• The victim must be transported to a nearby hospital immediately.

 

14. Eye Injuries.

first aid for eye injuries
First aid for children.

The eyes are well-protected from injury by the structure of our face and with the help of our eyelids. Nonetheless, injuries are still possible, some to the extent that vision is lost, or, in rare cases, the eye must be surgically removed.

  • Before helping a person with eye injury, make sure to seek for medical attention (Call 911) immediately.
  • If the injury is caused by a blunt impact, ice packs may help reduce swelling and ease pain.
  • Do not remove the object if it is impaled in the eye.
  • Do not rub or apply any pressure to the eye either, as this may cause further damage to the injured eye.
  • While waiting for help, cover both eyes with sterile dressings to minimize the injured eye’s movement.

 

15. Asthma Attack.

first aid for asthma attack

There are many factors that may trigger an asthma attack. Upper Respiratory Tract Infection, stress, pollen, molds and changes in air temperature are only a few. Asthma attacks are characterized by difficulty of breathing and speaking, shortness of breath, cyanosis and wheezing.

  • Assess the patient’s ABCDs and seek for immediate medical attention (Call 911).
  • Help the victim sit upright, leaning forward or supported.
  • If the victim has their medication, assist them in following their asthma plan.
  • If the victim stops breathing and becomes unresponsive, follow DRS, assess ABCDs and immediately perform CPR.

 

16. Fractures.

first aid for fractures

first aid for fractures

first aid for fractures

The most important focus in managing fractures is to stop any bleeding. Fractures may cause pain at the injury site, bleeding, deformities, tenderness, swelling and, often, inability to move.

  • Seek immediate medical attention and check the victim’s ABCDs.
  • Control any bleeding by applying direct pressure and by elevating the injury site.
  • Ice packs may be used for closed fractures to lessen pain and swelling.
  • Immobilize or minimize movements of the injury site to avoid further injury.

 

17. Spinal Injury.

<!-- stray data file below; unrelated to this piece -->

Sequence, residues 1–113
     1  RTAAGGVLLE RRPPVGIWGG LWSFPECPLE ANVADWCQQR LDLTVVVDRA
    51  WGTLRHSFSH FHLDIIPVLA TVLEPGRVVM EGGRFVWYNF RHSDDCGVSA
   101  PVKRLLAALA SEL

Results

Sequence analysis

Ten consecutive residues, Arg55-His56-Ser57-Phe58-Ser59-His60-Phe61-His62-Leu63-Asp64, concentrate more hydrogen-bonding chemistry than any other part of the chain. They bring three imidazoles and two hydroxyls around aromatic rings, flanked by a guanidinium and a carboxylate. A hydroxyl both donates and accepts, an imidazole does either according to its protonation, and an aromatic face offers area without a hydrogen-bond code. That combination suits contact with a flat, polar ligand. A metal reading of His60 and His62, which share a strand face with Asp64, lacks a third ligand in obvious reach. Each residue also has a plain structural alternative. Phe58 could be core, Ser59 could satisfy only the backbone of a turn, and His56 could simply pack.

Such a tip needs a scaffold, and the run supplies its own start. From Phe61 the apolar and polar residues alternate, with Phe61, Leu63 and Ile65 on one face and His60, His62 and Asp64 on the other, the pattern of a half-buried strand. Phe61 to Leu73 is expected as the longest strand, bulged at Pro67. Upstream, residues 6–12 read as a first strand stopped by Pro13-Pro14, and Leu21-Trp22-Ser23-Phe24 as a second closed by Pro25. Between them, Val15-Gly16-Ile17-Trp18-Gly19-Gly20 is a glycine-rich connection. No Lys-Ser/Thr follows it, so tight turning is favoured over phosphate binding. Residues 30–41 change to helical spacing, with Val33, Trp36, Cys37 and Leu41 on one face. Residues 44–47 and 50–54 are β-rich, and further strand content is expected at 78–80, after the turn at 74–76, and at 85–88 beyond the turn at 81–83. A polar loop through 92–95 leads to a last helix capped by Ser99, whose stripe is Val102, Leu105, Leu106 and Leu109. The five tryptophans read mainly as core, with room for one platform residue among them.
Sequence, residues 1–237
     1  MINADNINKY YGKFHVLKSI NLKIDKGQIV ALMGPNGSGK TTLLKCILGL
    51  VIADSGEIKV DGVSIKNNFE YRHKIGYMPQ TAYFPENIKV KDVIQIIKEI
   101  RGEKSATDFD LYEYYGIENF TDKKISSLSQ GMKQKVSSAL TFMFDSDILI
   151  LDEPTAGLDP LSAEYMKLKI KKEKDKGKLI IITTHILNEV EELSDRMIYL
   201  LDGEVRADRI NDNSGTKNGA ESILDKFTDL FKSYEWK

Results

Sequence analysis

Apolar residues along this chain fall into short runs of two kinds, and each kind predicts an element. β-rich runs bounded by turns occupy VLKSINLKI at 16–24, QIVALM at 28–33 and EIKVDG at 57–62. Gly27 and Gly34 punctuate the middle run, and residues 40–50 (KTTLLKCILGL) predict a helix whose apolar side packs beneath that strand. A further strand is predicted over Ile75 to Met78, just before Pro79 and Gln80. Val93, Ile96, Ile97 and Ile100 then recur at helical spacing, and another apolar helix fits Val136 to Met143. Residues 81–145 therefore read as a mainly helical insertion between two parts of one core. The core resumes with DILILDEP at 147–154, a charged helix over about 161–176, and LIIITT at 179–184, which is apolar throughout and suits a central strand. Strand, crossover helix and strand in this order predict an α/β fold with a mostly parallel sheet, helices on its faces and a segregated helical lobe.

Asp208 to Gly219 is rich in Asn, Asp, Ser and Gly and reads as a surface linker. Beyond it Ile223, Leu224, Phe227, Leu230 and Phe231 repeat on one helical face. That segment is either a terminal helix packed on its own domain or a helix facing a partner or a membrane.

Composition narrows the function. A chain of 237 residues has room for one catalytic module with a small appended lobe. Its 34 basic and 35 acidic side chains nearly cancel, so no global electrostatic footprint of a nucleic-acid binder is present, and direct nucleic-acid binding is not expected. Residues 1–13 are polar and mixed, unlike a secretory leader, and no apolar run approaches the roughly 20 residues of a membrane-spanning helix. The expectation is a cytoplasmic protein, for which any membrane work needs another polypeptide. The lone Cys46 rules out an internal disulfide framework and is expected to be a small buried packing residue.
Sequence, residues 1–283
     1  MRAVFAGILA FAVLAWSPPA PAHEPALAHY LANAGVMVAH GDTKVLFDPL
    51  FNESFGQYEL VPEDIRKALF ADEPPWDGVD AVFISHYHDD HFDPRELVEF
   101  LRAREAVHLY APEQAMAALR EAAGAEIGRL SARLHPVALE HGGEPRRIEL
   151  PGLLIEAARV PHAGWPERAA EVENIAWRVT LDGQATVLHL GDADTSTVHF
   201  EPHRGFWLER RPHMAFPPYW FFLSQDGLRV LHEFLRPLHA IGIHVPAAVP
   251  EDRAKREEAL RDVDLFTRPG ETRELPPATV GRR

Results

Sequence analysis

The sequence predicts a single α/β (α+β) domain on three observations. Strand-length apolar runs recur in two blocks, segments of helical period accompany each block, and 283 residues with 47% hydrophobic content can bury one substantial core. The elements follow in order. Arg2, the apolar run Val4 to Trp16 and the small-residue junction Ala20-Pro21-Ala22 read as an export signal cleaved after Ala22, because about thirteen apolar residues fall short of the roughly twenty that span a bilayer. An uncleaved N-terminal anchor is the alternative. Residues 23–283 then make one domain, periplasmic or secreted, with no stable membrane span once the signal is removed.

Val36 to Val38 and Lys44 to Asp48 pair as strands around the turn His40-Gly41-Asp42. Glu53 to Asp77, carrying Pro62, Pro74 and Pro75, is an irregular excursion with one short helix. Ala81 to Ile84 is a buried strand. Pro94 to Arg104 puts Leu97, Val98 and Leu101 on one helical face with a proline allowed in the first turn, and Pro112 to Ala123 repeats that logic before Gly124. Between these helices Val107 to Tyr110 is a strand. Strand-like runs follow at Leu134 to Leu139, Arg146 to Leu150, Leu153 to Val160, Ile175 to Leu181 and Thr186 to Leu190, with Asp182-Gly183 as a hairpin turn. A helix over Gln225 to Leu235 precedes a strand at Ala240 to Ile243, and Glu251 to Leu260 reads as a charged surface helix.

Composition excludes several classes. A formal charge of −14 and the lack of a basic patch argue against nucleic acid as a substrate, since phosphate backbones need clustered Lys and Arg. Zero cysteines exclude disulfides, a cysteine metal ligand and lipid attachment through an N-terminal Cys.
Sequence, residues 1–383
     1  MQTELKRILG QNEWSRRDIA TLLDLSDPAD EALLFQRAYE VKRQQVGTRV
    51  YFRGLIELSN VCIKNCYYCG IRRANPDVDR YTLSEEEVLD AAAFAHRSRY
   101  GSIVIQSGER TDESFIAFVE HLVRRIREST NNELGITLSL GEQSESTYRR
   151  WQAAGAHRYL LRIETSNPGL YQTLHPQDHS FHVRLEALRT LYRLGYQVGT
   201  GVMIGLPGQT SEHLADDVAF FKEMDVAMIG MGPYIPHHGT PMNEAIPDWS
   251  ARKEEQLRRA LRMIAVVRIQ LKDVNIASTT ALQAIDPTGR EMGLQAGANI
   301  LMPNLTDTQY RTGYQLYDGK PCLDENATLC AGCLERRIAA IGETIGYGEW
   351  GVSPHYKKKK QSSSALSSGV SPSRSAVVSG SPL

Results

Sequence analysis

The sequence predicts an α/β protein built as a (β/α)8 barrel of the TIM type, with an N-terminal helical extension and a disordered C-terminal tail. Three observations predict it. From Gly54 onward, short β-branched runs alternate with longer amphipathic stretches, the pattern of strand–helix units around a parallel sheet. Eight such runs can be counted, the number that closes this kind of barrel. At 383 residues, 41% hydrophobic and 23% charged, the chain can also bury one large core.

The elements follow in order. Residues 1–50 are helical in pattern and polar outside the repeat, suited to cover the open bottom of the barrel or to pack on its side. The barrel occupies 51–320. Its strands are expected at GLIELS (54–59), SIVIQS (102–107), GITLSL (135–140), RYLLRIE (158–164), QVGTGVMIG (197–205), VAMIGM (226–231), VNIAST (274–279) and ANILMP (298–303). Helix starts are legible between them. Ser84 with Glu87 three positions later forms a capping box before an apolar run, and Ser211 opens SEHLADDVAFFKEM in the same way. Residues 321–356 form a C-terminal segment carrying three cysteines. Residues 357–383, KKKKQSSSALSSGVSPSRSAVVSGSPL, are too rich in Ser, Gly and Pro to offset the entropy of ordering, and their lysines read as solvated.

first aid for spinal injury

You have to assume that a person has a spinal injury if there is an evidence of head injury. This may result to unresponsiveness, headache, nausea and vomiting, paralysis or convulsions.

  • If you suspect that a person has a spinal injury, make sure to seek for medical attention (Call 911) immediately.
  • Check the victim’s ABCDs and keep the person still by placing towels on the sides of the neck to prevent movement.
  • Control the bleeding, if present.
  • If the victim is wearing a helmet, do not remove it.
  • You will need help from another person if it is vital to move the victim because he is vomiting or choking on blood, or if he is at risk of further injury.
  • One person must assist the head, and the other one must be along the side of the victim. Both of you should work together to keep the victim’s head aligned with the neck and the back while rolling him onto his side.

 

Sources:

  • The Merck Manual of Medical Information, Second Home Edition
  • http://www.mayoclinic.org/first-aid
  • http://www.betterhealth.vic.gov.au/bhcv2/bhcarticles.nsf/pages/First_aid_basics
  • http://www.cdc.gov/niosh/npg/firstaid.html
  • http://www.grainger.com/content/qt-safety-basic-first-aid-procedures-207
  • http://www.ehs.iastate.edu/sites/default/files/uploads/publications/miscdocs/emergency-firstaid-orientation.pdf
  • http://www.springfieldfas.org/tips-basicfirstaid.pdf

 

About the Author: Mary Elizabeth Velarmino Francisco earned her Bachelor of Science in Nursing Degree from the Ateneo de Zamboanga University, Philippines. She is always happy to share her passion for writing and blogging. With coffee running through her veins, she enthusiastically battles each day, one article at a time.